RFA in the News (July 2008)



July 30 “Reporters barred from China village where mosque razed”

Chinese authorities on Wednesday barred AFP journalists from a village whose mosque was razed allegedly because locals did not support the Beijing Olympics…. China has acknowledged the mosque's destruction but has said it was torn down because the structure was illegally built. Radio Free Asia said it was built 10 years ago.


July 29 “IOC intervenes as media protest internet censorship”

The International Olympic Committee interceded Tuesday after journalists complained of Chinese censorship and low internet speeds at the main Olympic press centre.... Instead, the websites of international human rights organizations, China critics and the Chinese programmes by such international media outlets as Radio Free Asia and Deutsche Welle are blocked, just as

they are in other parts of China.


July 30 “‘Impossible to display’: China's censors block Olympic media”

Websites that deal with subjects deemed too sensitive by Chinese authorities were blocked at the Olympic media centre on Wednesday, undermining promises of unfettered Internet access….The websites of US broadcaster Radio Free Asia and German radio station Deutsche Welle, available in several languages, were also blocked by the Chinese authorities, along with the Chinese version of the BBC.


July 19 “Across China, Security Instead Of Celebration; Police Crack Down on 'Hostile Forces,' Apply New Safety Measures”

Shortly after dawn on July 9, the local government here bused several thousand students and office workers into a public square and lined them up in front of a vocational school. As the spectators watched, witnesses said, three prisoners were brought out. Then, an execution squad fired rifles at the three point-blank, killing them on the spot…Those executed here July 9 were among 17 people convicted in nearby Kashgar of being members of the East Turkestan Islamic Movement. Radio Free Asia, the U.S.-funded broadcast service, said the others were sentenced to jail terms from 10 years to life.

The Wall Street Journal carried a review by Jonathan Mirsky on July 8 of the book, China’s Tibet? By Warren Smith, RFA Tibetan staff writer. Mirsky termed it “ an admirable, if discouraging, book. Admirable because it lays out in jargon-free language the political and cultural nature of the China-Tibet relationship. Author Warren Smith, who writes for Radio Free Asia's Tibetan Service, is also scrupulously fair, including complete policy statements from Beijing and the Dalai Lama's government-in-exile. The conflicting issues - - of China's claims on Tibet, and the Tibetans' wishes for more autonomy -- are plain.


On July 8, this Web site carried the full version of an RFA Khmer story with full credits listed, noting research input from RFA Cantonese. Entitled “China presence in Cambodia grows, it described China as “hungry for strategic influence and natural resources’ and now “asserting itself as a major investor in Cambodia, sparking concerns that a huge inflow of Chinese cash will fuel existing corruption and exploitation in one of the world's poorest countries.” Economists and activists related the history of the relationship between the countries and described how “in recent years, ethnic Chinese families close to Cambodian Prime Minister Hun Sen have played a key role in putting Chinese companies, often with the backing of the Chinese state, in touch with top Cambodian officials. “ The official China News Agency reports that China has become one of the biggest investors in Cambodia; bilateral trade last year rose by 30% from 2006, to $730 million and Khmer Economists’ Association president says China offers a large market for Cambodian products which are exported through Vietnam and Thailand. Yet many activists fear that Chinese money tied up with massive agricultural and forestry exploitation projects is destroying traditional ways of life such as bamboo-harvesting and resin-tapping.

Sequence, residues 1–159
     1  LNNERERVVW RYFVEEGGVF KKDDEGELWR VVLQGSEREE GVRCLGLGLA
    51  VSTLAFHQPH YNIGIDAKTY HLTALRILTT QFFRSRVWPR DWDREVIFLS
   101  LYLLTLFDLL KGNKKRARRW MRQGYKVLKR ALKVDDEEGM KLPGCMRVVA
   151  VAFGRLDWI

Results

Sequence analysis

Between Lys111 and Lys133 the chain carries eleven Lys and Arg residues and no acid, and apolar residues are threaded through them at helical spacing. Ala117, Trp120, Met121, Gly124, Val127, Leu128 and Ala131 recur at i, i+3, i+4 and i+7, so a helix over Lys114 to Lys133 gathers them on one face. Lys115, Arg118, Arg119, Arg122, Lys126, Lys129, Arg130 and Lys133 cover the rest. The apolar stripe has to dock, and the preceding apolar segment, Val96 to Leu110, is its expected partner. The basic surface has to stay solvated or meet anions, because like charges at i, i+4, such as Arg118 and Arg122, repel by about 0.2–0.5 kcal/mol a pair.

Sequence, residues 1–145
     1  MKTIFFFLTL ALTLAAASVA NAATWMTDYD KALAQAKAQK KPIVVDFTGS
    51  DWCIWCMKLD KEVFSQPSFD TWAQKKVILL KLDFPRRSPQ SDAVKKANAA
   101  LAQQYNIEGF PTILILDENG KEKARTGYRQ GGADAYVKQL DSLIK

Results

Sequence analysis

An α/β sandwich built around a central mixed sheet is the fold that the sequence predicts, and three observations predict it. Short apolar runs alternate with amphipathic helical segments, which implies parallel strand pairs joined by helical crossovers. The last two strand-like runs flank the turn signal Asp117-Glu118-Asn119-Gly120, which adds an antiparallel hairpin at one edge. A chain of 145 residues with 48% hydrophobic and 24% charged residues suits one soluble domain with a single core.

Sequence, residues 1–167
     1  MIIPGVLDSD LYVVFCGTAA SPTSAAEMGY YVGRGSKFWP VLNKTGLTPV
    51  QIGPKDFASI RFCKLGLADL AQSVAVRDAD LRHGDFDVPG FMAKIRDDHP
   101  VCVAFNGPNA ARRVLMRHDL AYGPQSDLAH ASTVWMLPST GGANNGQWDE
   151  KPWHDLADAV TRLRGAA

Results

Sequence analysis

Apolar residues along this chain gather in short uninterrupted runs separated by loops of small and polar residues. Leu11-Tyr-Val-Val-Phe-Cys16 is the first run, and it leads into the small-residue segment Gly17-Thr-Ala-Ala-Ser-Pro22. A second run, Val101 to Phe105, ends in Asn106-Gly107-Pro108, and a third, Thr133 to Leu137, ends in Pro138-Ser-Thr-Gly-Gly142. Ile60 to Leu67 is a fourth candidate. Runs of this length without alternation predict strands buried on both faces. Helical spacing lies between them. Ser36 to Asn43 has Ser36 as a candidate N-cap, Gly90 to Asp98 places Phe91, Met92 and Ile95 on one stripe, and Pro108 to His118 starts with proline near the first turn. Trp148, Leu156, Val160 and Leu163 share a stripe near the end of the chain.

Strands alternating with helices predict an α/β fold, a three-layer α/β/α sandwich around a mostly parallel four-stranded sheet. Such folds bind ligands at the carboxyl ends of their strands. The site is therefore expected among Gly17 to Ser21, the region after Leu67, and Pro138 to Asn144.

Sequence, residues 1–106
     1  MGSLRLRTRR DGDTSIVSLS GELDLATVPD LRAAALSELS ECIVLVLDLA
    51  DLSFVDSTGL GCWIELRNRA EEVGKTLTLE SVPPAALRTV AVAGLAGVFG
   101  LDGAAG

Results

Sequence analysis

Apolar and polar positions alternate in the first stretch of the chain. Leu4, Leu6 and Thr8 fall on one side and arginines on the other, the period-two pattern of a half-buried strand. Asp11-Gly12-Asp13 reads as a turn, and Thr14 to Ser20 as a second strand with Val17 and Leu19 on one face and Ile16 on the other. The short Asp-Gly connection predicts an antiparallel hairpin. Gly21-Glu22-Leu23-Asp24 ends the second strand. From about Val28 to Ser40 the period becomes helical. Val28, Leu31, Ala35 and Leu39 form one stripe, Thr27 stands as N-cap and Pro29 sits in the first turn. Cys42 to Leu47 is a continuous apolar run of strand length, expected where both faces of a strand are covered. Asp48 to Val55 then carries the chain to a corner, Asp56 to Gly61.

BBC Monitoring’s online Newsnight paid tribute in its blog to RFA’s newsgathering and reliable network of sources inside China saying, “I should also add that although some of the above reports are monitored from U.S. -backed station ‘Radio Free Asia’ I have found its reporting standards high and its ability to speak to reliable sources inside the

PRC pretty good.”

BBC Monitoring Asia Pacific, July 4, 2008 North Korea's nuclear dismantlement 'to cost 575m US dollars' - South paper. Carried text of report in English by South Korean newspaper Chosun Ilbo’s Web site on 4 July. [Original headline: "N.Korean Nuclear Dismantlement 'To Cost $575US Million'"] The US Congress has estimated that it will cost the country $575US million over the four years from 2009 to dismantle and replace North Korea's nuclear facilities,

Radio Free Asia [RFA] reported Thursday.